There are signs that help us to see when we are holding on to our hurts.  Are you angry and bitter?  Anger and bitterness very often are signs of a spiritual sickness that has not been healed, but very badly needs to be healed.  You may not be able to identify why you are angry or bitter because the source has been pushed down and so deeply buried.

Are you self-absorbed?  Well, if you are you probably wouldn’t notice; that’s one of the problems of being self-absorbed.  A symptom of spiritual sickness is self-absorption.  People who are spiritually ill are self-absorbed, just as churches that are spiritually ill are self-absorbed.

Can you see the goodness in your life?  I’m often touched by people, even in very difficult circumstances, are able to express thankfulness for the blessings in their lives.  That’s a pretty healthy way of looking at life.  Some people – even when they have seemingly everything – can’t be thankful for anything.  Their demeanor and their words and their attitude is negative and angry and bitter and resentful.  That will eat away at our souls!
Embrace the Wholeness of Salvation.
I think it’s interesting to study words and their root meanings, even though I was never successful at the study of languages.  I had a year of Spanish in 9th grade and can count to ten and offer a greeting of hello, how are you.  Greek and Hebrew were very difficult for me, but still, I am very interested in the meaning of words.  We learn a lot when we learn about the roots of words.  Take the word salvation, for instance.  The root of the word salvation is a Latin word, salvus, and it comes from a word meaning – can you guess?  Healing.  Isn’t that fascinating?

Salvation is the act of God granting us eternal life but it encompasses more.  The saving work of God is not only to grant us eternal life but also to put things right in the world, to undo the damage done by sin and the fall –  and to bring healing to his creation.

This is why Jesus was the very embodiment of healing.  Read through the gospels; you hardly find a page where there isn’t some kind of healing that is taking place.  Being saved means allowing God to bring healing to our hearts, our minds, and our souls.  We need to pray for this.  We see the physical ailments and pray about those, as we should, but we must go beyond them.  Keep a prayer list of people for whom you pray, and don’t just pray for the physical ailments – pray for the emotional and spiritual ones as well.  And keep praying.  We can track the progress of a fractured bone, but when does a fractured heart really heal?  It takes six weeks, approximately, for a bone to heal; a fractured heart takes a lot longer.

Don’t give up on healing; keep praying for healing.  A lot of people, I’m afraid, give up on healing.  They live day after day and year after year never believing that any change can come to their life.  

Don’t give up.

Be An Instrument of Healing.
We are almost finished with our Stephen Ministry training.  The participants in that training will have amassed 50 hours of training by the time we finish later this month.  Fifty hours!  Laine Kephart has done a tremendous work of leading us in that training and has devoted an amazing amount of time and effort into preparing us for this important ministry.  The Stephen Ministry shapes those who participate into instruments of healing.  And we need as many instruments of healing as we can find.
One reason for the need of instruments of healing can be seen from the following story, with which I’ll close.  A number of years ago I had been visiting a young man with a terminal illness.  He fought the illness bravely, but succumbed to it at the age of 41.  His father, understandably, was heartbroken, and was angry at God for what he described as the act of taking his son.  He remarked to me one day Jesus said, “which of you, if your son asks for bread, will give him a stone?” (Matthew 7:9).  That’s a great verse, speaking to us about the goodness and the love of God.  But he was angry at God for not healing his son, and then said, all God has given me is a sack of rocks.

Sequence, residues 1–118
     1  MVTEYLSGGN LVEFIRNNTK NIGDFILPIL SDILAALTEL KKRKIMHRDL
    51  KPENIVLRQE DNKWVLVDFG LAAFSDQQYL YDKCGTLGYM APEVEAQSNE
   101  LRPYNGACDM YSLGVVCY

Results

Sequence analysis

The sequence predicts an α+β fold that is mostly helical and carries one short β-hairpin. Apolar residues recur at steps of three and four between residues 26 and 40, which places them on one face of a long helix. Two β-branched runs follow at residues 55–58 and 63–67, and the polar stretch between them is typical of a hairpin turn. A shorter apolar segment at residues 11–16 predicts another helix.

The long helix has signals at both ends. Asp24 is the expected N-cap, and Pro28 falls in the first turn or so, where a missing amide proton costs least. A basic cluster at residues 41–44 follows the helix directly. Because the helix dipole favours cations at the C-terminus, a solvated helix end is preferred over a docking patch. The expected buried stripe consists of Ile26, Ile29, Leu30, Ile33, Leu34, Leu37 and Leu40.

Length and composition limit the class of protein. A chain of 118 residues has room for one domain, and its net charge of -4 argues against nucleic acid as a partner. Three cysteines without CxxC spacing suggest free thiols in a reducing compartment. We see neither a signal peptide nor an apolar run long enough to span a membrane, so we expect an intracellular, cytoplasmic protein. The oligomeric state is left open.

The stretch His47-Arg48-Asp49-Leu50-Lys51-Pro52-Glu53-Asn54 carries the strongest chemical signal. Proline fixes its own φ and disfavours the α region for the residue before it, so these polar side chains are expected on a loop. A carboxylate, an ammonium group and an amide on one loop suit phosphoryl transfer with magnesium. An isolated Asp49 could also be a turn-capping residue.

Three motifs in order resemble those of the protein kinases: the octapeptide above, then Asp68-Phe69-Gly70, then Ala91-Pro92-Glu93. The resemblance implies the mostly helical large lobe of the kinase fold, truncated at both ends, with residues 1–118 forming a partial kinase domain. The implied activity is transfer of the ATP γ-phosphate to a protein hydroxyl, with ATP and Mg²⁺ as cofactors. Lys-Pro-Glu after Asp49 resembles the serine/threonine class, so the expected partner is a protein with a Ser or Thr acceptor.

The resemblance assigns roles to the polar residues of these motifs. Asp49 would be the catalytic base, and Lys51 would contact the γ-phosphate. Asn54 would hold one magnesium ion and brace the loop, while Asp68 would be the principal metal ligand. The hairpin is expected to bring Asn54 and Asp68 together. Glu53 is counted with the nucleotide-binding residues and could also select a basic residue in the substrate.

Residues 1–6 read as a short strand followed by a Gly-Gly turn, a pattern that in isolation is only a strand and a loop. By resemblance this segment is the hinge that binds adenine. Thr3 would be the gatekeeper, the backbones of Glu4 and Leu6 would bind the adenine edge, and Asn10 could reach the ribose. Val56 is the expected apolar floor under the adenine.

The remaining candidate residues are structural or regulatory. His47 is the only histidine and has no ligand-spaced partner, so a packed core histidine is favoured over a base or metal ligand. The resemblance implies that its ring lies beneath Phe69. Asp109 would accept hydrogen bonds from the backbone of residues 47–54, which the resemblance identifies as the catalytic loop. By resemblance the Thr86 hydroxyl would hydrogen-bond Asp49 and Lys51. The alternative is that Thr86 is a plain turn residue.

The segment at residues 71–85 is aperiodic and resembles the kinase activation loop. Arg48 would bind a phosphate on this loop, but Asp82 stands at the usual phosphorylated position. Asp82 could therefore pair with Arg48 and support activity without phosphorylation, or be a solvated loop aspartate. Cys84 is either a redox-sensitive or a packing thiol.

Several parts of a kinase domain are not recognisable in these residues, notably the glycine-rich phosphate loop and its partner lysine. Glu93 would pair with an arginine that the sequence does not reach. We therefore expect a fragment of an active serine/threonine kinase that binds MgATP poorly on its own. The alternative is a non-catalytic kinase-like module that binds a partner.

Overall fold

Those words still haunt me, and I have thought of them a great deal over the years.  And so I come back to the good news and the bad news of healing.  The good news is that father’s son was healed; the bad news is that the healing took place in eternity rather than this life.  And I do not say that to minimize, in any way, the pain of losing a loved one.  It hurts, and it hurts a great deal.  But I believe that at the heart of the Christian faith is hope, a hope that tells us that the final breath in this life becomes the first breath in eternal life; the sunset in this life becomes the sunrise in the next life; and that just as the book of Revelation tells us that one day, one day, He will wipe every tear from their eyes. There will be no more death’ or mourning or crying or pain, for the old order of things has passed away (Revelation 21:4).

And I can live with that.

Every person in this room has a need for some type of healing in their life.  Perhaps it’s a tattered or fractured relationship that needs healing; perhaps it’s forgiveness that needs to be offered or accepted; perhaps it’s guilt that needs to be let go of; perhaps it’s grief that has stayed with you for so long.  There are as many different needs for healing as there are people here.  Come, come to Jesus, and experience The Power of Healing.

Below is the entire text of the Washington Post article –

When I went to see “Miracles from Heaven,” I saw more laughter, crying and applause than I’ve ever seen in a movie theater. Clearly, this new movie — the real-life story of a young girl, suffering from an incurable illness, who was inexplicably healed after a nearly fatal accident — touches a chord, at least in the theater in Boston where I saw it.